Jonny Hall, a reservoir engineer, had his first contact with BP in Year 9 at school. Now, 10 years later, he works for them as a reservoir engineer. We spoke to him about his love of STEM subjects, problem solving, his relationship with BP, and living on a North Sea oil rig.
What subjects were you interested in at school?
I did a lot of maths at school. I was particularly good at it and I enjoyed it a lot. I like to think logically and I like to problem-solve. Similarly, I did a lot of physics, which is all about solving problems in real life. This is the route my life went down. It’s problem solving.
It’s great when you find a job you enjoy.
Definitely. When you come to work, there’s a new problem each day. You’re being asked to give your best engineering judgment based on quite a lot of uncertain, unknown problems, which is great for me.
What is a reservoir engineer?
I’m part of the subsurface team, which is looking at everything below the ground. We’re dealing with reservoirs a few kilometres below the sea bed and producing oil and gas from those. My job as a reservoir engineer is to evaluate those oil and gas reservoirs which are found within the rock and figure out what sort of production we’re going to get from them.
Do you get to spend time on oil and gas rigs?
Yes. It’s generally expected as a reservoir engineer that you get a couple of months of experience, being on rigs, platforms, at sites, in the core labs, loads of different places. Every reservoir engineer in BP would have to go through that sort of thing.
What’s life on a rig like?
I quite enjoy it. It’s pretty cool actually. You’re able to go out and see the actual pieces of equipment that you’re flowing the oil and gas through. It makes it a lot more tangible when you’re actually out there because when you’re in the office and you’re just looking at data trends, graphs, and that sort of stuff, it doesn’t make it feel very real.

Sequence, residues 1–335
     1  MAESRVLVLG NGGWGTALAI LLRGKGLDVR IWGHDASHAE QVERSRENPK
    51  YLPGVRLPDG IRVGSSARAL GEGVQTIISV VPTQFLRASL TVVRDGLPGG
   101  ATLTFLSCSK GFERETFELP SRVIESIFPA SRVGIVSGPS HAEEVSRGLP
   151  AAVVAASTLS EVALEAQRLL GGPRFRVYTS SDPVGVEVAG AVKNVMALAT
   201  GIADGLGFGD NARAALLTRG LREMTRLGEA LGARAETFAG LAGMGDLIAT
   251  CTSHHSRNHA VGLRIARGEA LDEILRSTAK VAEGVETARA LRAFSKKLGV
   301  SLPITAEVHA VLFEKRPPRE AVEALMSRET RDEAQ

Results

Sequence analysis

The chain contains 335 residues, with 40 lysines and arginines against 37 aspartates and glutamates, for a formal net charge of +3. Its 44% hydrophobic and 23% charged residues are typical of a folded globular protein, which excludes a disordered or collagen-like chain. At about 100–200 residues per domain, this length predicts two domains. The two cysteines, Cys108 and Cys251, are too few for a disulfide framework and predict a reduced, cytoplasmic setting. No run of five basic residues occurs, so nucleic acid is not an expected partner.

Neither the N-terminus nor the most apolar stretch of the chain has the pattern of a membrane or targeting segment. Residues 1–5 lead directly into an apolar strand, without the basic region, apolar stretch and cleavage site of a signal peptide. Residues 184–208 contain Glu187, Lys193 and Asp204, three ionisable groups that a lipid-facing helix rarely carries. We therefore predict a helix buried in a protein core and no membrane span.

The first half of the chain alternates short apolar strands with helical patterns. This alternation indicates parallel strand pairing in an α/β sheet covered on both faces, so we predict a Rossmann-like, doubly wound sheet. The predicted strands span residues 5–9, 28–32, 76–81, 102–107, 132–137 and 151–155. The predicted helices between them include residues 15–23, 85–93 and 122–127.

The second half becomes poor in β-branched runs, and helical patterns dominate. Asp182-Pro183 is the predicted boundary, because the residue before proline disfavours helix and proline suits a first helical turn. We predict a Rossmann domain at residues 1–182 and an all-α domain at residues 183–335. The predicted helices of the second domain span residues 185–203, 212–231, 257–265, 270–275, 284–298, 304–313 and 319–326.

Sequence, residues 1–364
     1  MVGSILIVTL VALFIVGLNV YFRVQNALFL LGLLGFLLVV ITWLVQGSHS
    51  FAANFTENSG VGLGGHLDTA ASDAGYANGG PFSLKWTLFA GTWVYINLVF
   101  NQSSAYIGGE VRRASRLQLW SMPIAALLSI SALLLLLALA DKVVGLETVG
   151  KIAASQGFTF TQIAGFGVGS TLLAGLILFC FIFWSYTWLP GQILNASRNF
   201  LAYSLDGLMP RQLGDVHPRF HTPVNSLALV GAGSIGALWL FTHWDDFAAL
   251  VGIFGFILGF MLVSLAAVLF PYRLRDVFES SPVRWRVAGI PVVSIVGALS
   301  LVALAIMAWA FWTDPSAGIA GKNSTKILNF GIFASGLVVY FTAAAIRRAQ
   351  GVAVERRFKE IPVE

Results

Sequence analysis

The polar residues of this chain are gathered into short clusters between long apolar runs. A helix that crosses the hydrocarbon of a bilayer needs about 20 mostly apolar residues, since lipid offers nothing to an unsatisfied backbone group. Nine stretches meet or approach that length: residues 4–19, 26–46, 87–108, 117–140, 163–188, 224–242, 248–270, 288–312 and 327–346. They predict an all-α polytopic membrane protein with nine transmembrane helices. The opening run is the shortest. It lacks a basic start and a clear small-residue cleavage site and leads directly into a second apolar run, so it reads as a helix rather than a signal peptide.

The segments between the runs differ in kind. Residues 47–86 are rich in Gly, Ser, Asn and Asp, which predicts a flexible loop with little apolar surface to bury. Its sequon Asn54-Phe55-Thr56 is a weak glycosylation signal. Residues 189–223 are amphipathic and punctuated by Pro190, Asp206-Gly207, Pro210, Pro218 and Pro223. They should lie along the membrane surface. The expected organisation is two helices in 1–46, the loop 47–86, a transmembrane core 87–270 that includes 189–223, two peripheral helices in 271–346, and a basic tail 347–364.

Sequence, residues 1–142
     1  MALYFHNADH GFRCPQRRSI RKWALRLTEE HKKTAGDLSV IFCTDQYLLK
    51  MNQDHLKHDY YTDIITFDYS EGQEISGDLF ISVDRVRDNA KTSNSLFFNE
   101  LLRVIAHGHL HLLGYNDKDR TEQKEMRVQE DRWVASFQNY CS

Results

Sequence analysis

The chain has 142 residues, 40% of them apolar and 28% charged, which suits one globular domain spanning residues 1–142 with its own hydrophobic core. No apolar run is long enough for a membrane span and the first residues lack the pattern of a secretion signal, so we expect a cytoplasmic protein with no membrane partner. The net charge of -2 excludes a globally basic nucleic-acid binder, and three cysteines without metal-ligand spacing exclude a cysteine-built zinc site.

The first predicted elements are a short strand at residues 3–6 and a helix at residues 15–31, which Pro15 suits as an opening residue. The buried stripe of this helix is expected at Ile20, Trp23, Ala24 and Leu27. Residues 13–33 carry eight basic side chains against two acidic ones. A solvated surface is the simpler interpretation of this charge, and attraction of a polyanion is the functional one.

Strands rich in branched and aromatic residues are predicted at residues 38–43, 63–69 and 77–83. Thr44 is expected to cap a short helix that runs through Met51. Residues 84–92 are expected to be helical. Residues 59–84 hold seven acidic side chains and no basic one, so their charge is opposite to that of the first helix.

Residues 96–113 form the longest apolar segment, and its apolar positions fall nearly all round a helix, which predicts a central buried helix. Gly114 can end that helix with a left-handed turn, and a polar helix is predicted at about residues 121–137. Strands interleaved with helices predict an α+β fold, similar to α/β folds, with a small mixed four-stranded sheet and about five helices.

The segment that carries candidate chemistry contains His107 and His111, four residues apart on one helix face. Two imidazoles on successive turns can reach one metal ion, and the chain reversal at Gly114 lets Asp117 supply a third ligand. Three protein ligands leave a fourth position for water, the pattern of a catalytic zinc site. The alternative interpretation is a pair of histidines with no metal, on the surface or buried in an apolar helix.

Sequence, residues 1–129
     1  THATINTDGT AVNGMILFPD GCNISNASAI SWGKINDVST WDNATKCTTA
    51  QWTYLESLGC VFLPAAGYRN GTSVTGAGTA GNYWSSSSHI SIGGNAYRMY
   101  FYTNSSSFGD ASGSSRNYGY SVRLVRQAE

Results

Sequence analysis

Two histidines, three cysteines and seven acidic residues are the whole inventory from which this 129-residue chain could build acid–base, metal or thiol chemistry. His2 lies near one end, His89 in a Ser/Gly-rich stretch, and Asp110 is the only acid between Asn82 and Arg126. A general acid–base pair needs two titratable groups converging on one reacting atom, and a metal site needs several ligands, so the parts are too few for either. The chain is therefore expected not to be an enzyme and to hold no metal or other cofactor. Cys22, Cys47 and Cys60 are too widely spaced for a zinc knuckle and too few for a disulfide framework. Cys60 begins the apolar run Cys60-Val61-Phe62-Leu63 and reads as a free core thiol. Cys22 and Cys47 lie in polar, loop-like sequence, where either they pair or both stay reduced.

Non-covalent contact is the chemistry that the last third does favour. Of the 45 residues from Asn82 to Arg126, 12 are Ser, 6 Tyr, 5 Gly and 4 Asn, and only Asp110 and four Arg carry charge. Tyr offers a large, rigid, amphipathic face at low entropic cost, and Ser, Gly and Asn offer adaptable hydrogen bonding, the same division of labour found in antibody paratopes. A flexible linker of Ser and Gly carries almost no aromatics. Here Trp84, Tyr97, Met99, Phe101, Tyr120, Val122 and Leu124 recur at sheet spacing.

What was your first contact with BP?
They did a schools link program with my school, called Go4SET. You’d do a few weeks with an engineer supervising you every so often and it was to come up with some ideas to solve a real-life problem. At the time, I think it was saving water. They mentor you, they give you advice. Then we went to present that project to a load of engineers in the BP office.
How did the relationship continue?
I did work experience, after that project as well, where I went in and shadowed a BP employee, a geologist this time, for a week. That was really interesting. I set up a load of meetings with different engineers, just to get the flavour of exactly what they do. Then they made me take all that information and said, “right, here’s some data. Go and design a field development plan for us.”
What did you do after school?
I spent three years doing maths at Imperial college, which wasn’t directly relevant to the oil and gas industry. During that time, I got a scholarship with BP, so I was part of the BP scholars’ team again. Then there was an internship and at the end of that, I managed to qualify for a job offer. I went back and did my final year at uni with a job offer in hand. It was conditional on final year performance, so it was a good incentive to do well and actually pass my final year exams.
What do you like about your job?
I like working in the big team that we have. We work between lots of different disciplines. Being able to communicate your technical opinion and getting other people to understand the problem and how we’re going to solve it together. I always like to hear other people’s opinions.
If there’s a kid who’s really into STEM subjects, what do BP offer?
A huge amount of technical challenges to go get their teeth into. Some of the biggest problems the world will ever face, especially as we move into the renewable energy side of things. There are going to be massive, massive energy challenges in the future. The only way we’re going to tackle those is to get the brightest and best people involved. I look forward to seeing how BP is going to be a part of that.